Disease modifying osteoarthritis drugs Conservative Medical Therapy
Found that 84% of tested products did not meet label claim with contents raging from 0% to 115% of the label claim Some products had forms of chondroitin sulfate which were not absorbed Conservative Medical Therapy Adebowale A, Cox D, Liang Z, Eddington N. Analysis of glucosamine and chondroitin sulfate content in marketed products and the Caco-2 permeability of chondroitin sulfate raw materials. JANA 3(1): 37-44, 2000
Conservative Medical Therapy % Label Claim Price per daily dose (1200mg) chondroitin
Conventional therapy involves removal, but arthritis is inevitable Surgical Therapy: Ununited Anconeal Process
Screw fixation has been described with success, but is technically demanding, and failure may be common Fox SM et.al. Ununited anconeal process: lag-screw fixation. JAAHA 1996 Surgical Therapy: Ununited Anconeal Process
Debate exists regarding whether surgical therapy of any type is beneficial Surgical Therapy: Fragmented coronoid process
22 dogs received either surgery or NSAID/rest Surgery entailed removal of the FCP 11 dogs available for follow-up Examined radiographic scores, mean force plate values, elbow ROM, and owner questionnaire Surgical Therapy: Fragmented coronoid process Huibregtse, BA, Johnson AL, Muhlbauer MC. The effect of treatment of fragmented coronoid process on the development of osteoarthritis of the elbow. J Am An Hosp Assoc 1994; 30:190-195.
Most owners felt that there was improvement in their pet with or without surgery Surgical Therapy: Fragmented coronoid process Medical therapySurgical therapy XR score pre1.42.2 XR score follow- up 2.42.7 Mean force plate0.9971.008 ROM78 degrees Altered gait100%50%
19 dogs with either FCP or OCD of the elbow received either surgery or pentosan polysulphate Examined force plate values for 9 months Surgical Therapy: Fragmented coronoid process Bouck G, Miller C, Taves C. A comparison of surgical and medical treatment of fragmented coronoid process and osteochondritis dissecans of the canine elbow. VCOT 1995; 4:177-183.
Studies that investigate surgical vs. medical management of FCP are based on small numbers of cases, broad inclusion criteria, and have been usually retrospective in nature Studies have not evaluated medical + surgical therapy to either therapy alone Traditional surgery is traumatic!! Surgical Therapy: Fragmented coronoid process
Arthroscopic removal of FCP has been developed over the last several years Arthroscopic evaluation allows improved visualization and access to intraarticular structures, with minimal patient morbidity Tufts University School of Medicine has performed over 100 arthroscopic procedures for FCP Surgical Therapy: Fragmented coronoid process
32 dogs (62 elbows) had arthroscopic procedure for CED Surgical removal of fragments with minimal trauma possible in all cases Return to preop lameness status within 1 week Improvement in lameness status within 4 weeks in most dogs Improved results if before development of severe OA Surgical Therapy: Fragmented coronoid process Beale BS. Arthroscopic treatment of elbow dysplasia in dogs. Proc 26th Conf Vet Ortho Soc 1999; 4.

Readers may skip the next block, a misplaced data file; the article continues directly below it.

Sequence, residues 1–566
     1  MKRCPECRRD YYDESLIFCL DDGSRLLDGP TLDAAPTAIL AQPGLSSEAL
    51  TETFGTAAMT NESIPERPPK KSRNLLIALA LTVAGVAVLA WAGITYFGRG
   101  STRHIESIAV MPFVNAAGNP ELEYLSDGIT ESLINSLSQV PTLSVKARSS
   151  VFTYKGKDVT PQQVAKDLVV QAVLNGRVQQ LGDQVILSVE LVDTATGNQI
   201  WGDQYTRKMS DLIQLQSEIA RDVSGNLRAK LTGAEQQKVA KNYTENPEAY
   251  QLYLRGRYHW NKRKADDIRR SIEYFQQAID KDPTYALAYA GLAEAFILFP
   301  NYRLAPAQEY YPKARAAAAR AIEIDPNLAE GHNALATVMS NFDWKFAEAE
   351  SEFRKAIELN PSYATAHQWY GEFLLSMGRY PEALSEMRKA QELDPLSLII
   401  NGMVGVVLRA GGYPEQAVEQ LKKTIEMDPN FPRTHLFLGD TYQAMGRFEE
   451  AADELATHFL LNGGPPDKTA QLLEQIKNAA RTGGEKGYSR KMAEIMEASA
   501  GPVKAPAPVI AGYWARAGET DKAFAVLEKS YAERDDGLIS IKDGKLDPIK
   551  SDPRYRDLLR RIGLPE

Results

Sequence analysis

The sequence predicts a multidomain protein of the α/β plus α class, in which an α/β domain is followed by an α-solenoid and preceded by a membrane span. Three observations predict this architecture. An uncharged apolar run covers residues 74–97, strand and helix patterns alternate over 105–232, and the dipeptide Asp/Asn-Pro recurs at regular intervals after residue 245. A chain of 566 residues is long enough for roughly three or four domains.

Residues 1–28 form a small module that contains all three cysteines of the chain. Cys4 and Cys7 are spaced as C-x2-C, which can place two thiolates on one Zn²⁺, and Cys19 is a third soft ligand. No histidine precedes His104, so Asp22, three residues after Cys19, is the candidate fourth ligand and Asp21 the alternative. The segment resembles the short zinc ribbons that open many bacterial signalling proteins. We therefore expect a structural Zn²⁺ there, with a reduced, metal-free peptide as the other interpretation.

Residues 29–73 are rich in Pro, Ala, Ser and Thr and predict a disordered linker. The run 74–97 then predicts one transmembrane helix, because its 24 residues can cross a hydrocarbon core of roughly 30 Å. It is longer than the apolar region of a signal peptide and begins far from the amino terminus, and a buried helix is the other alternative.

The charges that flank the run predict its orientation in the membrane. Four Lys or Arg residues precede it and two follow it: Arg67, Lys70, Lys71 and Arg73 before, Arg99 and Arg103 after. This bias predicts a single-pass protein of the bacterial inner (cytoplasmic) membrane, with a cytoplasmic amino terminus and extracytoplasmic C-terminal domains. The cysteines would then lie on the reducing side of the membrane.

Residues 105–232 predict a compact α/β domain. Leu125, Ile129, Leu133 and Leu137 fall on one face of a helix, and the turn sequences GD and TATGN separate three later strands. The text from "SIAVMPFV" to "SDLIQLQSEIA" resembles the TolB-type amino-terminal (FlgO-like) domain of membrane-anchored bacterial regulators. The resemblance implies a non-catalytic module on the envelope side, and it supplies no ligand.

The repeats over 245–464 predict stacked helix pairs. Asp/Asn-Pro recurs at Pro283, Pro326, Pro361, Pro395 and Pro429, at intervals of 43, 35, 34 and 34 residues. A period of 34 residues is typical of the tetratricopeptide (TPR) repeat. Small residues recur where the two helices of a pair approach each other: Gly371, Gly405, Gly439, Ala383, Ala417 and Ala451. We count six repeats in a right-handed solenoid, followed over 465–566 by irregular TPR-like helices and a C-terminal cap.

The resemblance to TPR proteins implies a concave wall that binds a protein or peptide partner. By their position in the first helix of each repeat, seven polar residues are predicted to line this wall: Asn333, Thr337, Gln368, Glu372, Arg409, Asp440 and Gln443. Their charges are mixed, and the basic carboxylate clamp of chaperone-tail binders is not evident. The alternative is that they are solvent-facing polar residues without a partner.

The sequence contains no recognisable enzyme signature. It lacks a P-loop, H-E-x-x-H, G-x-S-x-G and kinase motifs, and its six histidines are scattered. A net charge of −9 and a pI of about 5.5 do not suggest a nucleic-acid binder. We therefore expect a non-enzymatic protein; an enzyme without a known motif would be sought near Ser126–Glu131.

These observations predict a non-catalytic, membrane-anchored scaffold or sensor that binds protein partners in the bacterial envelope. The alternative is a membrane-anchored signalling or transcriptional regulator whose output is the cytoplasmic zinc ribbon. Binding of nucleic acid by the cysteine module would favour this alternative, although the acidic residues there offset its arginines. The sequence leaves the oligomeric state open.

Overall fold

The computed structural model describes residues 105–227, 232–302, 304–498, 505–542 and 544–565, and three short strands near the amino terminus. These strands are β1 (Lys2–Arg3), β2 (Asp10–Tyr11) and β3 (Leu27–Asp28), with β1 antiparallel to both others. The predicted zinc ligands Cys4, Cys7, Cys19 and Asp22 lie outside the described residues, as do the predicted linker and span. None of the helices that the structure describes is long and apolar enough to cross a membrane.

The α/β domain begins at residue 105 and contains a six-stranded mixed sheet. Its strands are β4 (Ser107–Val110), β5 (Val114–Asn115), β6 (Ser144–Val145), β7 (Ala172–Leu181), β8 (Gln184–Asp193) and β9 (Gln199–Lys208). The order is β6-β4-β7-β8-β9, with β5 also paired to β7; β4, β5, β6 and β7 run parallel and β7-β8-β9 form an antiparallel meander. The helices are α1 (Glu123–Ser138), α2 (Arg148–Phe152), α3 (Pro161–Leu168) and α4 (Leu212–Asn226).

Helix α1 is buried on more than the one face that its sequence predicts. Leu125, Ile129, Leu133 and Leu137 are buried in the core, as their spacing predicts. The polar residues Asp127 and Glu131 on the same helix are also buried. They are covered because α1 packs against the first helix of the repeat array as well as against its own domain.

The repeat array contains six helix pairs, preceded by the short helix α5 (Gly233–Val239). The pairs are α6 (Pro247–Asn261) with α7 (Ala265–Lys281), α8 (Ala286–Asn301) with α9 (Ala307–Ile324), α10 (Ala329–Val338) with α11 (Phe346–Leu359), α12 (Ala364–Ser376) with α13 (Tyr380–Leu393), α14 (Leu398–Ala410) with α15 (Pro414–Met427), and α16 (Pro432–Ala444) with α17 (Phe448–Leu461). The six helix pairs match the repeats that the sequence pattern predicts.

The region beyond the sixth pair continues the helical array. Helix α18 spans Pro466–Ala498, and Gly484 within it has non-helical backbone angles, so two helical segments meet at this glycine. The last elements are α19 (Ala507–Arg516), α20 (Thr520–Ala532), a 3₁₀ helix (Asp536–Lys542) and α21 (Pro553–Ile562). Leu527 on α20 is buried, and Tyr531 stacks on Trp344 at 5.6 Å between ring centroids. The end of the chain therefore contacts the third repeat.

Surgical therapy involves removal of the flap, and curettage of the defect Curettage is easily performed arthroscopically which should be considered the procedure of choice Very limited case numbers prohibit determination of prognosis Surgical Therapy: Elbow OCD
Total elbow arthroplasty is likely the best future option for dogs with severe OA and crippling lameness Conzemius MG, Aper RL, Hill CM. Evaluation of a canine total-elbow arthroplasty system: A preliminary study in normal dogs. Vet Surg 2001; 30:11-20. –Evaluated a TEA system in 6 healthy dogs –Three dogs did extremely well (99.6% normal weight bearing), while three failed Future Directions
Canine elbow dysplasia is a complex condition believed to be caused by a primary incongruity between the humerus, radius and ulna Incongruity can cause UAP, FCP, or OCD Although incongruity is believed to be the underlying cause all forms of CED, the exact nature of the incongruity is still poorly understood Conclusions
Diagnosis of elbow dysplasia can be difficult, especially in young dogs with FCP CED is a heritable, polygenic trait and prevalence can be reduced with selective breeding programs Conclusions
UAP is the form of CED with the most documented indication for surgery, and recent research supports ulna osteotomy as the procedure of choice in young dogs Debate exists regarding indication for surgery in dogs with FCP, but results with arthroscopy have been very encouraging Curettage by arthroscopy is indicated for OCD It is possible that the complexity of elbow incongruity may preclude use of any simple surgical procedure Conclusions
Your consent to our cookies if you continue to use this website.